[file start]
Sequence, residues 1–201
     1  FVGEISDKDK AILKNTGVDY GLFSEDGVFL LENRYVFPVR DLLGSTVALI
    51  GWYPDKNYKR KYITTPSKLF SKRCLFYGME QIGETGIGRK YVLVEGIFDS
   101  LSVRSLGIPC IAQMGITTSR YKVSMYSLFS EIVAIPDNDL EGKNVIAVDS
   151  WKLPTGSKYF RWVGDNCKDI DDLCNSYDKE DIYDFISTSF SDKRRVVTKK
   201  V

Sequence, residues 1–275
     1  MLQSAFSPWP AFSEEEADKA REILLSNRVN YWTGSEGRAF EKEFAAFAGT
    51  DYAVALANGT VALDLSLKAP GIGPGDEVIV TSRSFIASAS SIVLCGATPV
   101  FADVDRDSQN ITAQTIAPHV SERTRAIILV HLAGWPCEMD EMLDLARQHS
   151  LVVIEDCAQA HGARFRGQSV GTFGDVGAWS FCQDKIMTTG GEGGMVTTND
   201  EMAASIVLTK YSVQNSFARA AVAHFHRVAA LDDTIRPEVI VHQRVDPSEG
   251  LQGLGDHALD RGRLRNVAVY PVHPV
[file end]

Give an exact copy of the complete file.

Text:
Sequence, residues 1–201
     1  FVGEISDKDK AILKNTGVDY GLFSEDGVFL LENRYVFPVR DLLGSTVALI
    51  GWYPDKNYKR KYITTPSKLF SKRCLFYGME QIGETGIGRK YVLVEGIFDS
   101  LSVRSLGIPC IAQMGITTSR YKVSMYSLFS EIVAIPDNDL EGKNVIAVDS
   151  WKLPTGSKYF RWVGDNCKDI DDLCNSYDKE DIYDFISTSF SDKRRVVTKK
   201  V

Sequence, residues 1–275
     1  MLQSAFSPWP AFSEEEADKA REILLSNRVN YWTGSEGRAF EKEFAAFAGT
    51  DYAVALANGT VALDLSLKAP GIGPGDEVIV TSRSFIASAS SIVLCGATPV
   101  FADVDRDSQN ITAQTIAPHV SERTRAIILV HLAGWPCEMD EMLDLARQHS
   151  LVVIEDCAQA HGARFRGQSV GTFGDVGAWS FCQDKIMTTG GEGGMVTTND
   201  EMAASIVLTK YSVQNSFARA AVAHFHRVAA LDDTIRPEVI VHQRVDPSEG
   251  LQGLGDHALD RGRLRNVAVY PVHPV